A trend for reduced 15-day wound infection and 6 months' mortality in laparoscopic relative to open cholecystectomy: the Israeli Study of Surgical Infections

Y G Zitser, E Simchen, N Ferderber, H R Freund
Clinical Performance and Quality Health Care 1997, 5 (3): 116-22

OBJECTIVE: To utilize a naturally occurring "experiment," when introduction to laparoscopic cholecystectomy occurred in Israel; to compare the concurrent outcomes (wound infection and mortality) of laparoscopic versus open cholecystectomy; to adjust for patients' characteristics and procedural factors while making the comparisons.

DESIGN: Multicenter prospective follow up, including patients' interviews prior to the operation, daily information on postoperative care, a summary of the operation report and postdischarge telephone interview 15 days after surgery.

SETTINGS: A sample of 100 consecutive cholecystectomy patients from all 20 acute-care hospitals in the country, where such operations were performed.

PATIENTS: 1,785 consecutive patients during 1991 and 1992; 1,184 had open cholecystectomy, and 601 had laparoscopic cholecystectomy.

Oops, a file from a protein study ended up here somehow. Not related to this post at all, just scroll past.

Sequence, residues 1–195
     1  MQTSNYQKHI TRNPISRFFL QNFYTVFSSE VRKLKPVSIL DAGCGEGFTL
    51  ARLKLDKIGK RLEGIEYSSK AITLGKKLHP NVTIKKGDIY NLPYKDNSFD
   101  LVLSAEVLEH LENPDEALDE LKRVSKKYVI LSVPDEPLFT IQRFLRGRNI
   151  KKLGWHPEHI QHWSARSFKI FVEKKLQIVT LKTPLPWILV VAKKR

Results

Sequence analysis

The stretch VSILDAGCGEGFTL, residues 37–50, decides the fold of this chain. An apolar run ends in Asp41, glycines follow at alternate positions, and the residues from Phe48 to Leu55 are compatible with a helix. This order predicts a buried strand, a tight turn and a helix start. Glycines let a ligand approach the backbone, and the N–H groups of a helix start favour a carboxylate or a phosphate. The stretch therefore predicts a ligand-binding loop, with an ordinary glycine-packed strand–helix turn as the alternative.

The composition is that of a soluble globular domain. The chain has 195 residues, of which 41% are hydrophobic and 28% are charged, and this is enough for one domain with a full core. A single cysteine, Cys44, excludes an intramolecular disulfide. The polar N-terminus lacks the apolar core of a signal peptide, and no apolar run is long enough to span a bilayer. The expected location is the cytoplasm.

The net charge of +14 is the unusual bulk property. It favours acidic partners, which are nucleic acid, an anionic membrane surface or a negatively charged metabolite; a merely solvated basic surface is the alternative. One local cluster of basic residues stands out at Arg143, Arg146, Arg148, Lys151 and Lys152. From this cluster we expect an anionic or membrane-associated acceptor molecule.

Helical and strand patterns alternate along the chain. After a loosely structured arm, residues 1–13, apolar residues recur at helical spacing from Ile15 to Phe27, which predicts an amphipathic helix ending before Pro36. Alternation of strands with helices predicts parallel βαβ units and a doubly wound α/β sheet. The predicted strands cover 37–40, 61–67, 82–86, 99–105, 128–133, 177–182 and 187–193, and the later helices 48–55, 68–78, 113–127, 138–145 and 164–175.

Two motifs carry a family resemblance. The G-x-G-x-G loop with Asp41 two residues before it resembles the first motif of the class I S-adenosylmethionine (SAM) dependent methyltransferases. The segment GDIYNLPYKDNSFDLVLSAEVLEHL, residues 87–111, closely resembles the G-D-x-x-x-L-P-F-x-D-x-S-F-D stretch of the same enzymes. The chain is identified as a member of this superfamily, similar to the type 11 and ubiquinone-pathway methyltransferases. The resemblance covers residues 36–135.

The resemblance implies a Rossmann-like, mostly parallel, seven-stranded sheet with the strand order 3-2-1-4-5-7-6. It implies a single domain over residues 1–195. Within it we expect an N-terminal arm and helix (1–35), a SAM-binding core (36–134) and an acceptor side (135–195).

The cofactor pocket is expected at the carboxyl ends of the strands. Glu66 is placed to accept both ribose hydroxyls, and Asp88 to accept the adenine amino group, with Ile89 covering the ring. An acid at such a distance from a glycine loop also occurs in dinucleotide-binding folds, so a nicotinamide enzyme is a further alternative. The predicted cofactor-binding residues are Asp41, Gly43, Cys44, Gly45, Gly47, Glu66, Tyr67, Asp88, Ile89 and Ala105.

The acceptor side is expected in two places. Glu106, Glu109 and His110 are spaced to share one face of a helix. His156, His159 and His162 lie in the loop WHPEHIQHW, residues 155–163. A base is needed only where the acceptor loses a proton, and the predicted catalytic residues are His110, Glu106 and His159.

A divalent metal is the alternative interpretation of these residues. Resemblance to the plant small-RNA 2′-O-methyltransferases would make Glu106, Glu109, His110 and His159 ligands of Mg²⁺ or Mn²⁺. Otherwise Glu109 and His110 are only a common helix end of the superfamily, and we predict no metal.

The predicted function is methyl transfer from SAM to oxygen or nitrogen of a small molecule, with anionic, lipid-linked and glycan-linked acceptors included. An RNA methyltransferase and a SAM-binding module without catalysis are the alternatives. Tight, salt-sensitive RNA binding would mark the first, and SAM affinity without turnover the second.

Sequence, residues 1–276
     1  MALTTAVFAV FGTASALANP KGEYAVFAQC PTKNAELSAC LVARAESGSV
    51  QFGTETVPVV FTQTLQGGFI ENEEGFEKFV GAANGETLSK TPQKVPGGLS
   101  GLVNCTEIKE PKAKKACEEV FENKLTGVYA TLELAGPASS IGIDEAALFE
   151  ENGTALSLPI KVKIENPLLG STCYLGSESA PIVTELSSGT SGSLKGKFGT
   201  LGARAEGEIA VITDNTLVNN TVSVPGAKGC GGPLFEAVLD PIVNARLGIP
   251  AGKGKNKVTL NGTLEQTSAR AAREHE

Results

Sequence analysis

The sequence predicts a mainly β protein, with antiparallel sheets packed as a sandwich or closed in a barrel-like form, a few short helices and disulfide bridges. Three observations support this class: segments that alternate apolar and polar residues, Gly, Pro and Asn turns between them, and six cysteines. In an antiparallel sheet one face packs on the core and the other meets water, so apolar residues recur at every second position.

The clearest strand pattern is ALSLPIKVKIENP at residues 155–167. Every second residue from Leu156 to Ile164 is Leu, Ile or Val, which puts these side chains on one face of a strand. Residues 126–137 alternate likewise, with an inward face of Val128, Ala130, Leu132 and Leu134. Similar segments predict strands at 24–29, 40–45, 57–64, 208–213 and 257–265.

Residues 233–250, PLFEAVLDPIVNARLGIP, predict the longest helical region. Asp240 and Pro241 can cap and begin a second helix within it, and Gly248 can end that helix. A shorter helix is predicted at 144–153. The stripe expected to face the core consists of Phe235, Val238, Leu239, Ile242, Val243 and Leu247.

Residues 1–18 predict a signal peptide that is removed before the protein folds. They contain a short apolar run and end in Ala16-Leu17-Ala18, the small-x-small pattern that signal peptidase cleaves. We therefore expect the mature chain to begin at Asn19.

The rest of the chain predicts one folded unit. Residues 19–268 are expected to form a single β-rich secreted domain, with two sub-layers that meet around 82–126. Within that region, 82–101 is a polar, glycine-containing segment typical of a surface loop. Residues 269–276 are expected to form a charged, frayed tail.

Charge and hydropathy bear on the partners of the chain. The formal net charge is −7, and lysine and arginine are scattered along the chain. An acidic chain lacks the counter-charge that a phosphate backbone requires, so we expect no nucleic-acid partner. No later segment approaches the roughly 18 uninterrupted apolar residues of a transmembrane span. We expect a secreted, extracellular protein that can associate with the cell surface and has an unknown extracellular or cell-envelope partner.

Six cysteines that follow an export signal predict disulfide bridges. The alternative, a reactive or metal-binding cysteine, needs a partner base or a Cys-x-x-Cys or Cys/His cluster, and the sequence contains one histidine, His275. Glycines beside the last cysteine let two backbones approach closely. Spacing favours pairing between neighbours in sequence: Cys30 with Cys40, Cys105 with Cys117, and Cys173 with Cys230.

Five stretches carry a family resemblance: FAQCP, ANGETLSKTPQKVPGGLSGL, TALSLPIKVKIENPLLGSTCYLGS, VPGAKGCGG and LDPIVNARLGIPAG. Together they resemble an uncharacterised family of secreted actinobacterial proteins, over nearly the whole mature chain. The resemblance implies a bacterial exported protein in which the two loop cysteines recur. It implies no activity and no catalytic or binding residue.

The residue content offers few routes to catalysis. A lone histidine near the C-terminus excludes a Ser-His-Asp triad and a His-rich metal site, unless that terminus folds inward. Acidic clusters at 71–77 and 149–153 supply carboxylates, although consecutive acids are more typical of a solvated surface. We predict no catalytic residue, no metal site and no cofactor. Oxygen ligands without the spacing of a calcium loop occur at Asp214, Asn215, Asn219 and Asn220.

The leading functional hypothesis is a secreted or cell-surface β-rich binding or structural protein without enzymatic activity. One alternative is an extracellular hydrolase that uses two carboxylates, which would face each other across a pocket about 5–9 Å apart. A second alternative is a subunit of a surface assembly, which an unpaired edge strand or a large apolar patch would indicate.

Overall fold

RESULTS: Crude wound infection rates at 15 days were 2.3% for laparoscopic cholecystectomy and 6.3% for open cholecystectomy (odds ratio [OR], 2.8; P < .001). Crude mortality rates at 6 months were 0.17% and 3.0% for laparoscopic and open procedures, respectively (OR, 18.5; P < .004). Logistic models for infection and mortality were used to adjust for case-mix and procedural factors in the comparisons between the two operations. Adjusted ORs for open versus laparoscopic cholecystectomy were 1.9 (P = .06) for wound infection and 4.3 (P = .17) for mortality. Stratification of patients on the basis of the models into high- and low-risk strata indicated that the protective effect of laparoscopic cholecystectomy was mainly evident in the high-risk group: 1.8% versus 8.3% (P < .001) for 15-day infections and 0.6% versus 4.4% (P = .017) for 6 months mortality.

CONCLUSION: We conclude that, although the P values for the adjusted comparisons were of borderline significance (due to the small number of deaths in the laparoscopic group), our results suggest advantageous outcomes for laparoscopic cholecystectomy, especially among the high-risk patients.

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